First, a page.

Turkey’s neutrality on Ukraine is expensive

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Last summer, after years of open hostility, Recep Tayyip Erdogan and Emmanuel Macron called for a “verbal ceasefire”. Now the Turkish and French presidents are in direct communication as each tries to intercede with Vladimir Putin to negotiate an end to the war in Ukraine.

However, would-be peacemakers have made no headway with the Russian president. After undermining Macron’s pride by ignoring his importunities against the invasion, Putin has been a little more lenient towards Erdogan’s presumptions as a mediator in the conflict.

But while he has sent negotiators for peace talks in Istanbul, the Russian leader shows no interest in ending the war. Negotiations were abruptly halted after revelations last week about atrocities committed against Ukrainian civilians in Bucha. Turkey clings to the hope that the talks resume.

Putin’s debasement of Macron could still be a factor in the Frenchman’s re-election chances later this month: it has undermined his claim to have put France at the center of European affairs, which is a major part of his campaign. Erdogan does not need to face Turkish voters for a year, so a failure to broker peace carries no immediate political peril. But there are geopolitical and economic costs that he cannot afford to ignore.

The longer the war drags on, the harder it will be to maintain Turkey’s carefully calibrated neutrality. Erdogan’s calculation at the start of the conflict was that he could use his friendship with Putin as leverage with the West. NATO, he felt, would be both keen to keep him in the Western camp and happy to use him as a secondary channel to communicate with his “dear friend” in Moscow. They might even forgive him for his previous intrusions, such as his purchase of Russian missile defense systems over NATO objections, which earned Turkey suspicion from its allies as well as US sanctions.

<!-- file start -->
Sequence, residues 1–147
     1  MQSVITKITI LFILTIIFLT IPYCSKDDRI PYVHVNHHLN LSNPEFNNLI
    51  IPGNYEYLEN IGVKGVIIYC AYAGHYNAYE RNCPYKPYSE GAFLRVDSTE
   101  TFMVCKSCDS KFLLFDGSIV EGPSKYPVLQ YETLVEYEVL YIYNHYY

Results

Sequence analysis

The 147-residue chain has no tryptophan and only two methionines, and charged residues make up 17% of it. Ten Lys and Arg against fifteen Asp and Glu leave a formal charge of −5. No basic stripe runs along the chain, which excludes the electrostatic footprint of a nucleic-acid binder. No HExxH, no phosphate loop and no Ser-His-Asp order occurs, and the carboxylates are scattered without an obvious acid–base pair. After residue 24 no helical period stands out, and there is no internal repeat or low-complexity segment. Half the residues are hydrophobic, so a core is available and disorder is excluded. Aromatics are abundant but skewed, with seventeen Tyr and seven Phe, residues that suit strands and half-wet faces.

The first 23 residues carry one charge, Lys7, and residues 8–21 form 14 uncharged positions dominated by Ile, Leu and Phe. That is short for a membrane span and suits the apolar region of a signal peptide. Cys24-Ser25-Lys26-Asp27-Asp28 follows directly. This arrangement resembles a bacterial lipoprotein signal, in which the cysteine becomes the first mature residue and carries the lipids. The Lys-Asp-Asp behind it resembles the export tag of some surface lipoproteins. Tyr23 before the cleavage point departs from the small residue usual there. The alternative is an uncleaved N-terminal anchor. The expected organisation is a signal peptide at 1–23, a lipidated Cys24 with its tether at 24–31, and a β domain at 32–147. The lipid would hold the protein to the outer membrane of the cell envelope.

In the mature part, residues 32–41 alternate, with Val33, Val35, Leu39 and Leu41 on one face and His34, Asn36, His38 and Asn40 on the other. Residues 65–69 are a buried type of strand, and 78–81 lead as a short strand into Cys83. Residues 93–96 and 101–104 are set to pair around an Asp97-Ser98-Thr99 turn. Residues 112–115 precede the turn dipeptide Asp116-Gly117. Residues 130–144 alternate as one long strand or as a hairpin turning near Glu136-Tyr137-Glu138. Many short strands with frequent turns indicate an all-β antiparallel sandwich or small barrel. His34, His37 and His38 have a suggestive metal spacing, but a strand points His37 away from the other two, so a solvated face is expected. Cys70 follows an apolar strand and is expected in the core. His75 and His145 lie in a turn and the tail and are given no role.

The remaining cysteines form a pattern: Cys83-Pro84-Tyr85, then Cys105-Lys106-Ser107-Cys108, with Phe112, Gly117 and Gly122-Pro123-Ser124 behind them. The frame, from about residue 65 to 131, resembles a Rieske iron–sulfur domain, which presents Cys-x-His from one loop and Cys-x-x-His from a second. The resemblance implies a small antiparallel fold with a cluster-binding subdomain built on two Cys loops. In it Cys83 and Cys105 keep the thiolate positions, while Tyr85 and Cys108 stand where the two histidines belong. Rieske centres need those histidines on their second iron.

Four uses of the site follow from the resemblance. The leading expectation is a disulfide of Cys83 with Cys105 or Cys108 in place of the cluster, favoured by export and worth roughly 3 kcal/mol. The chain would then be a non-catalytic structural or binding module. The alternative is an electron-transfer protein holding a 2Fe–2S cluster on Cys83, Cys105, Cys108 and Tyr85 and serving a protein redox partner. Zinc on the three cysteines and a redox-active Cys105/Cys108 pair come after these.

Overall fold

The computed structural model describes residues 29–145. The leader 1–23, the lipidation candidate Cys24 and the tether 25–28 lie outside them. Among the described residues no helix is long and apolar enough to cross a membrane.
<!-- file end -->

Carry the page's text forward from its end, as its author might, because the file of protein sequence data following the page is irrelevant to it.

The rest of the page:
Erdogan also hoped that Ukraine’s successful use of Turkish military drones against Russian invaders would help overcome the perception that he was on the side of the bad guys in the conflict. He openly called on NATO to end arms embargoes against his country. The United States and other members of the alliance have rightly been evasive about this. If the Turkish leader wants the privileges that come with NATO membership, then he must join the consensus. If he doesn’t, Erdogan will find himself pushed further into the margins of the alliance, even as Turkey’s economy sinks deeper into a hole.

As NATO closes ranks against Russia – even Germany has abandoned its pacifist posture – patience with Turkey’s claims of neutrality is running out. Erdogan’s refusal to join the Western alliance in imposing tough sanctions on Moscow is harder to justify amid mounting evidence of Russian war crimes. And at a time when Switzerland accepts these sanctions, it is not a good idea for Ankara that the cronies of Putin’s oligarch use Turkey to park their superyachts and their suitcases full of money.

Russians who pay berthing fees and buy luxury apartments will also not adequately cover the cost the war imposes on the Turkish economy. Inflation is at its highest level in 20 years: consumer prices rose 61.1% in March, compared to 54.4% in February.

Investors can hardly have failed to notice this. In early April, S&P Global Ratings downgraded Turkey’s local currency credit rating to B+, four levels below investment grade, citing the impact of soaring energy prices following the war in Russia in Ukraine. “The consequences [of the conflict], including rising food and energy prices, will further weaken Turkey’s already precarious balance of payments and exacerbate inflation,” S&P said in a statement. “The latter is on track to average 55% in 2022, the highest level of any sovereign we rate.”

And even if Erdogan is not inclined to impose sanctions on Moscow, the measures complicate Russian grand plans in Turkey. The construction of a $20 billion nuclear power plant, for example, has run into difficulties because the Russian builder, state-controlled Rosatom Corp., is struggling to source equipment from other countries. .

As his chances of persuading Putin to make peace are slim, Erdogan may welcome his phone calls with Macron. After once encouraging the French president to have his head examined, the Turkish leader can be grateful to have his listening ear.

More other writers at Bloomberg Opinion:

Yes, the Russians know what their military is doing in Ukraine: Leonid Bershidsky

Macron knows inflation is Le Pen’s best weapon: Lionel Laurent

Bucha’s atrocities are not the first in Russia. They must be the last: Clara Ferreira Marques

This column does not necessarily reflect the opinion of the Editorial Board or of Bloomberg LP and its owners.

Bobby Ghosh is a Bloomberg Opinion columnist covering foreign affairs. A former editor of the Hindustan Times, he was the international editorial editor of Quartz and Time magazine.

More stories like this are available at bloomberg.com/opinion

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